by Laura Spagnoli and Elena Martini

With decision no. 11374/2019, the Court of Milan recently marked a victory in favour of the famous former Napoli’s footballer Diego Armando Maradona, in the proceedings brought by the latter against Dolce&Gabbana S.r.l.

The facts date back to 2016, when, in the context of a tribute parade to celebrate the symbols of the city of Naples, to which important and institutional clients of the well-known fashion house were invited, one of Dolce&Gabbana’s models had walked the catwalk wearing a blue shirt (like the ones worn by the Napoli  players) with, on the back, the Maradona name and the number 10, traditionally associated with the former champion.

Also in view of the fact that the abovementioned shirt was displayed on Dolce&Gabbana’s website, the former footballer sent a warning letter to the fashion house claiming that he had not issued any authorisation to use his name. In that context, Dolce&Gabbana was also requested by Maradona to refrain from marketing the products; which indeed did not ultimately happen.

Maradona later sued the fashion house to obtain compensation for damages resulting from the illicit use of his name. In fact, according to the footballer, by exploiting his name and the relevant trademark without authorisation in the context of a commercial and promotional activity, the defendant had led the public to mistakenly assume the existence of a commercial partnership with the plaintiff, or at least a connection between the two.

By granting the plaintiff’s claims, in the decision commented upon here, the Judge found the use of Maradona’s name to be unlawful, since the use “in Dolce&Gabbana’s collection was explicitly aimed at taking advantage of precisely those attractive characteristics associated with the prestigious sporting history of the legendary footballer”. This commercial exploitation, in fact, would have required the prior consent of the former footballer, whose name still conveys “certain emotions of historical charm and football excellence”.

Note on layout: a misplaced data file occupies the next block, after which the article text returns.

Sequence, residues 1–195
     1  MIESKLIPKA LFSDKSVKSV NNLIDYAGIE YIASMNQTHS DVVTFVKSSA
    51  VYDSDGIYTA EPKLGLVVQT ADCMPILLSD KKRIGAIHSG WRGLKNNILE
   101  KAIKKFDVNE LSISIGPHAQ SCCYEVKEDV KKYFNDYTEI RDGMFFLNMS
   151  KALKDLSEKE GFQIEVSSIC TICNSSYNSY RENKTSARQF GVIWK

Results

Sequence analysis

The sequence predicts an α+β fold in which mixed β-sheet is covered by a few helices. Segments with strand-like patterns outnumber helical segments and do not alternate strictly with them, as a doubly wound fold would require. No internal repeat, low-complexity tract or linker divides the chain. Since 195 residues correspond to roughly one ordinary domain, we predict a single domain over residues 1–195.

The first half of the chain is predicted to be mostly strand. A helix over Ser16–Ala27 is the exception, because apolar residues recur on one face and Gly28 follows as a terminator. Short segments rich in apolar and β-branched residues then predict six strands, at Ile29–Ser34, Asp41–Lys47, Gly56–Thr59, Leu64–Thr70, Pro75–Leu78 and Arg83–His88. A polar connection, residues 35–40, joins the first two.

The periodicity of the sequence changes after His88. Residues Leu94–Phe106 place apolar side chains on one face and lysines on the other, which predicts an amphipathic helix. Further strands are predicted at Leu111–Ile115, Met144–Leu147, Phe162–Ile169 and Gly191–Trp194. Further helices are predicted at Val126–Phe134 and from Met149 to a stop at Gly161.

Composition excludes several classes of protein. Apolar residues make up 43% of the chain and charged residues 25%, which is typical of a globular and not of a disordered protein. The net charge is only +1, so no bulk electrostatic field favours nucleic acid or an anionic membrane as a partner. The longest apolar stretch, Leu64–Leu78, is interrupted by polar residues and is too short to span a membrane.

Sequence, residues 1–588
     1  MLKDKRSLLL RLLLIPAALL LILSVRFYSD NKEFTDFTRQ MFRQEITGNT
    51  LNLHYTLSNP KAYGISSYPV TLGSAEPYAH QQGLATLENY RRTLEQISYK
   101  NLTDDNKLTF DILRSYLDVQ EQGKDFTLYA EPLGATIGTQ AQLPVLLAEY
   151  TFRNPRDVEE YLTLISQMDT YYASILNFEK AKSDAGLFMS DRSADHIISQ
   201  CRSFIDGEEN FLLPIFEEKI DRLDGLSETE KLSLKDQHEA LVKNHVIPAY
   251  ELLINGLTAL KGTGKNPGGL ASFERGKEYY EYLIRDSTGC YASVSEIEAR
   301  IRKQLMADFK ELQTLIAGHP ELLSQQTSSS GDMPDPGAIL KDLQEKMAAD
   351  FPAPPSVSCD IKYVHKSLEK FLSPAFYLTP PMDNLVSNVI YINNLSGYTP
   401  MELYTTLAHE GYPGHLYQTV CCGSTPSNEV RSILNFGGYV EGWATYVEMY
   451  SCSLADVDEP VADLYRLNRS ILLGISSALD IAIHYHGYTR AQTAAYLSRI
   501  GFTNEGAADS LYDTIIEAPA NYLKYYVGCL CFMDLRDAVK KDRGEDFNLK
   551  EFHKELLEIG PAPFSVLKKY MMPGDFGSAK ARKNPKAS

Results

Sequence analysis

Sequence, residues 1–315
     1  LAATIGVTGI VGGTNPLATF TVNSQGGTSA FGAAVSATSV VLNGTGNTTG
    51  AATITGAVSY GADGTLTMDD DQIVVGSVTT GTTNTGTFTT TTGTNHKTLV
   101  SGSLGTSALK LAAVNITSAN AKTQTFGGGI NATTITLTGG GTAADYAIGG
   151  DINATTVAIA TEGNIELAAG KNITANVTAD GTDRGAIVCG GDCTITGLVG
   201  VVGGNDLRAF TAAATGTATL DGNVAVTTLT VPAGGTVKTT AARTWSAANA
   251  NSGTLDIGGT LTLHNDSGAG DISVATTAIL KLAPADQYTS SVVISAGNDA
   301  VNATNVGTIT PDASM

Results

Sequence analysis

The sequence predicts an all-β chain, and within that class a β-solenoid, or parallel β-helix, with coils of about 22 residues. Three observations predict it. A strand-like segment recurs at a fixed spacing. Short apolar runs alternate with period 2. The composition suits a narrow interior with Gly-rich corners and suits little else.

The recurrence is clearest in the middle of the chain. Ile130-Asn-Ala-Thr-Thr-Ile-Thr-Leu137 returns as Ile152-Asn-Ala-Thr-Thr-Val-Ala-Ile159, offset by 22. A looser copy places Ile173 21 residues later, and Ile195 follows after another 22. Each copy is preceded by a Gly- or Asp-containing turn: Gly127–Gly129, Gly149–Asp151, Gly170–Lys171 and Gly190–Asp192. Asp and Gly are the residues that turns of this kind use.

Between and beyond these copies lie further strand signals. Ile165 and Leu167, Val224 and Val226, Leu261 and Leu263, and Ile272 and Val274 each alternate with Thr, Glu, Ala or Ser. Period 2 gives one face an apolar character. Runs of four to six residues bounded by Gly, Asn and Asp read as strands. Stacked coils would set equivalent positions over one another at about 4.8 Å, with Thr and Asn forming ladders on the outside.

The Court also specified that “the failure to market the product, following the plaintiff’s warning, affects the extent of the counterfeiting conduct and the related compensation claim, but does not affect the existence of the illicit advertising communication forbidden under Articles 20-21 of the Intellectual Property Code”.

Dolce&Gabbana was therefore sentenced to pay 70,000 euros by way of compensatory damages. The amount, much lower than that requested by the plaintiff (due to the fact that the product had finally not been marketed), was quantified on the basis of the so-called “price of consent” criterion, i.e. the price that would have been agreed between the parties if Maradona would have granted the right to use its name. In addition, the defendant was ordered to pay another 14,000 euros by way of reimbursement of the legal costs incurred by Maradona.